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This is a problem from Discrete Mathematics and its Applications enter image description here

This is Fermat's little theorem from https://www.youtube.com/watch?v=w0ZQvZLx2KA, enter image description here

Here is my work so far

First 41 is prime and $41\not\mid23$

So $23^{40}\equiv1\pmod {41}$

From my observation that $1002/40 = 25$, I rooted both sides of $23^{40}\equiv1$ by $25$

(allowed to so by Congruence product rule, Divisibility for 7)
Here is what am I left with $$23^{1000}\equiv1\pmod {41}$$ Then I used the fact that $1002 \mod 40 = 2$ and the congruence product rule to get
$$23^{1002}\equiv 23^2\pmod {41}$$ Then with this property from my book enter image description here

I know that $23^{1002}\mod 41 = 23^2 \mod 41$. $23^2\mod 41$ from my calculator is $18$ so that be my final answer as well.
But when I checked my answer on http://www.mathcelebrity.com/modexp.php?num=+23%5E1002+mod+41&pl=Modular+Exponentiation, the correct answer was 37.

Does anyone know I did wrong -either arithmetically or applying theorems?

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    $\begingroup$ Your calculator misled you when you found $23^2(\mod41)$ $\endgroup$
    – user84413
    Commented Feb 14, 2015 at 19:38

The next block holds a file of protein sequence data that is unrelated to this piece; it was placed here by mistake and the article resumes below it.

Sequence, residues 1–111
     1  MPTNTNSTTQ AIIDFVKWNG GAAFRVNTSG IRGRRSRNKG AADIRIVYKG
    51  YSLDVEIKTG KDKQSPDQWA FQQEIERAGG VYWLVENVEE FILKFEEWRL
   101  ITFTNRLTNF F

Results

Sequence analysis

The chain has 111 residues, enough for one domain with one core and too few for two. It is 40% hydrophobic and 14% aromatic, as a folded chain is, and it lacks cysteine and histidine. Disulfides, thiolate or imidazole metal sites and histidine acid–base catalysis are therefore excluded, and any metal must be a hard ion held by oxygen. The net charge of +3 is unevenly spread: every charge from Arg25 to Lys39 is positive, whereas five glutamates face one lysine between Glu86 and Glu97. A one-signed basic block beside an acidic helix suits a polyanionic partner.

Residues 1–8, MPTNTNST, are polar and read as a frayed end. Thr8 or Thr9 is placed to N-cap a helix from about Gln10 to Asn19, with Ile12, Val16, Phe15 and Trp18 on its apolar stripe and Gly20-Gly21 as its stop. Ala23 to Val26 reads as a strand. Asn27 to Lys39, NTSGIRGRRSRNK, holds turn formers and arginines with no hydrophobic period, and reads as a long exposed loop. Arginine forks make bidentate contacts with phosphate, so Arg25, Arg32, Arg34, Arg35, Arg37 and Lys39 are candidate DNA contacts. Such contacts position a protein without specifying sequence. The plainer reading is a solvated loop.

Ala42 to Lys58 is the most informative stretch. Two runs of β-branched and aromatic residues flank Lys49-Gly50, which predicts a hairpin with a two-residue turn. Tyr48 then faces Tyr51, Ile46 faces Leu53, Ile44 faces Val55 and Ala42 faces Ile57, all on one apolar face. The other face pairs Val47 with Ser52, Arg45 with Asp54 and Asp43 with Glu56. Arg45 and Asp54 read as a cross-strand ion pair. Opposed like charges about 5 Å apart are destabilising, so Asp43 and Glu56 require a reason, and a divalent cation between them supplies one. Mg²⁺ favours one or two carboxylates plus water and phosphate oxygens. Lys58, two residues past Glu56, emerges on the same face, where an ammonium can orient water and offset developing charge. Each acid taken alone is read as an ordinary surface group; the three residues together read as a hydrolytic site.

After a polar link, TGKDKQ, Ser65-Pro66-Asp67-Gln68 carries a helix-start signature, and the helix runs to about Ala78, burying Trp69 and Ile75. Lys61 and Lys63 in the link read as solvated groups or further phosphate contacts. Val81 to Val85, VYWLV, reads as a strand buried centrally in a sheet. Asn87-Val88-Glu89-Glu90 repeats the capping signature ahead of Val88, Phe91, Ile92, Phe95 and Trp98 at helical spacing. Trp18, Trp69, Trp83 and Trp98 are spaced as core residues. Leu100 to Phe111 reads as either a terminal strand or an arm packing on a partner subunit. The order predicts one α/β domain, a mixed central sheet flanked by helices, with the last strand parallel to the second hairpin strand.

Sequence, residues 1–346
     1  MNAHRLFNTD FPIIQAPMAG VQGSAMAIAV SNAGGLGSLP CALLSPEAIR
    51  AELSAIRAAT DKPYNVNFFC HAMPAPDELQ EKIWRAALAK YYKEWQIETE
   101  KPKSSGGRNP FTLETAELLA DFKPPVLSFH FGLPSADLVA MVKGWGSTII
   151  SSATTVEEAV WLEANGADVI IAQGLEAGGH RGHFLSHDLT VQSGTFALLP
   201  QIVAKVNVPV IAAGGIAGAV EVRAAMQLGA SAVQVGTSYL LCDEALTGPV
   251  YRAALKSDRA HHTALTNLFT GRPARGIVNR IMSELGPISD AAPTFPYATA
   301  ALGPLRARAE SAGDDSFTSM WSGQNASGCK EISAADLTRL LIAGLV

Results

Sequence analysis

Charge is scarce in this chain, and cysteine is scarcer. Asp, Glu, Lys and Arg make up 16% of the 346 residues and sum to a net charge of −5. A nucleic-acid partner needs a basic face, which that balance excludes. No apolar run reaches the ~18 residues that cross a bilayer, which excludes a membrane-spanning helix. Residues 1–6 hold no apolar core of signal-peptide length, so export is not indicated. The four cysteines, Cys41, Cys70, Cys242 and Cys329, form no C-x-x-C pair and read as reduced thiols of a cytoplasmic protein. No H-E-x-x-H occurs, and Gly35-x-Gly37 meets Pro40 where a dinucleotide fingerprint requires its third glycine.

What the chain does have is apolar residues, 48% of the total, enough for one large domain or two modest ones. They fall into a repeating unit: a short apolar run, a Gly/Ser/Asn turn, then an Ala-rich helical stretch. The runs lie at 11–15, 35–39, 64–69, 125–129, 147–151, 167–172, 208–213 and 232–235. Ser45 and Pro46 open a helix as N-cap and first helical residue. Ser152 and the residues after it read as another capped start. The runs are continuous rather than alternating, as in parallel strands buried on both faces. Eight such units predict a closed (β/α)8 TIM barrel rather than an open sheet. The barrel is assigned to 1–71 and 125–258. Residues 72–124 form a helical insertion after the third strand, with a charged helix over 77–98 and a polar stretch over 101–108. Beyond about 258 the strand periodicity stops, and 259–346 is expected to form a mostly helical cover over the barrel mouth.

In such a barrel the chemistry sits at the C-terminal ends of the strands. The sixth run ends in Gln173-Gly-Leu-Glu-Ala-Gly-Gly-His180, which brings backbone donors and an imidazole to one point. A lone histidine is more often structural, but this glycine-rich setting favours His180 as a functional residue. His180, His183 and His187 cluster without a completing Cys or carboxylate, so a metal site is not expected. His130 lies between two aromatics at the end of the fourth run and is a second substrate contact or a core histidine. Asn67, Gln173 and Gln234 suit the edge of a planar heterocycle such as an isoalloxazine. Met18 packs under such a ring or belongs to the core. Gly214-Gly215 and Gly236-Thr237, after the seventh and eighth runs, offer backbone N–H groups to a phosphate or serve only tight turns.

• $\begingroup$ Actually I think I mislead myself haha $\endgroup$ Commented Feb 14, 2015 at 20:04

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Hint $\ {\rm mod}\ 41\!:\,\ 23^2 \equiv (-2\cdot9)^2 \equiv\, 4(\overbrace{-1}^{\large81}) \equiv 37.\ $ Trust your brain more than your calculator.

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  • $\begingroup$ How did you get 23$^2$≡(−2⋅9)$^2$? $\endgroup$ Commented Feb 14, 2015 at 20:05
  • $\begingroup$ @com ${\rm mod}\ 41\!:\ 23\equiv 23-41\equiv -18.\ $ Generally modular arithmetic is easier with least magnitude reps, here $\,|{-}18| < 23.\ $ Recall also the use of $\,-1\,$ vs. $\,m\!-\!1\pmod m\ \ $ $\endgroup$ Commented Feb 14, 2015 at 20:06
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$$23^2 \equiv (20+3)^2=20*20+20*2*3+9=\\ = 40*10+40*3+9 \equiv -10-3+9=-4=37 \pmod{41}$$

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